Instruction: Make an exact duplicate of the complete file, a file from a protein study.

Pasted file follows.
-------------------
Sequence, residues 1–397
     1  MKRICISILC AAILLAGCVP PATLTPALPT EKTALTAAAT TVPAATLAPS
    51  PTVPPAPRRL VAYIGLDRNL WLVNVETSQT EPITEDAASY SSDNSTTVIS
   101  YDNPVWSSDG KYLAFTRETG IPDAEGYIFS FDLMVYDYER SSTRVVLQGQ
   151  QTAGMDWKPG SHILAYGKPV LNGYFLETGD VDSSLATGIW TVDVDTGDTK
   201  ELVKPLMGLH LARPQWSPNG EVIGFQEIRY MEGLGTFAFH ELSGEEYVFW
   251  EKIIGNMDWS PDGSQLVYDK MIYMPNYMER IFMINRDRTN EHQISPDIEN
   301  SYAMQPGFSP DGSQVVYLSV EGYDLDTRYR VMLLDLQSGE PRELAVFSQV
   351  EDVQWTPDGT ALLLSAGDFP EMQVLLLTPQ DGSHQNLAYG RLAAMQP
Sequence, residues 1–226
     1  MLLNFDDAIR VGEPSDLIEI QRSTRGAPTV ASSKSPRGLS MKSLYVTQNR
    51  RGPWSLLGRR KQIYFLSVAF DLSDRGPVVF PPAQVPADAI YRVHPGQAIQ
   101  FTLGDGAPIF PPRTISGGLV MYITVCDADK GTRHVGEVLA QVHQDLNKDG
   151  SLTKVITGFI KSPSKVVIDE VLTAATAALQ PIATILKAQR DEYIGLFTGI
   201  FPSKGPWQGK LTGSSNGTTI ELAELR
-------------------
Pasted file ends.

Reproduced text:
Sequence, residues 1–397
     1  MKRICISILC AAILLAGCVP PATLTPALPT EKTALTAAAT TVPAATLAPS
    51  PTVPPAPRRL VAYIGLDRNL WLVNVETSQT EPITEDAASY SSDNSTTVIS
   101  YDNPVWSSDG KYLAFTRETG IPDAEGYIFS FDLMVYDYER SSTRVVLQGQ
   151  QTAGMDWKPG SHILAYGKPV LNGYFLETGD VDSSLATGIW TVDVDTGDTK
   201  ELVKPLMGLH LARPQWSPNG EVIGFQEIRY MEGLGTFAFH ELSGEEYVFW
   251  EKIIGNMDWS PDGSQLVYDK MIYMPNYMER IFMINRDRTN EHQISPDIEN
   301  SYAMQPGFSP DGSQVVYLSV EGYDLDTRYR VMLLDLQSGE PRELAVFSQV
   351  EDVQWTPDGT ALLLSAGDFP EMQVLLLTPQ DGSHQNLAYG RLAAMQP
Sequence, residues 1–226
     1  MLLNFDDAIR VGEPSDLIEI QRSTRGAPTV ASSKSPRGLS MKSLYVTQNR
    51  RGPWSLLGRR KQIYFLSVAF DLSDRGPVVF PPAQVPADAI YRVHPGQAIQ
   101  FTLGDGAPIF PPRTISGGLV MYITVCDADK GTRHVGEVLA QVHQDLNKDG
   151  SLTKVITGFI KSPSKVVIDE VLTAATAALQ PIATILKAQR DEYIGLFTGI
   201  FPSKGPWQGK LTGSSNGTTI ELAELR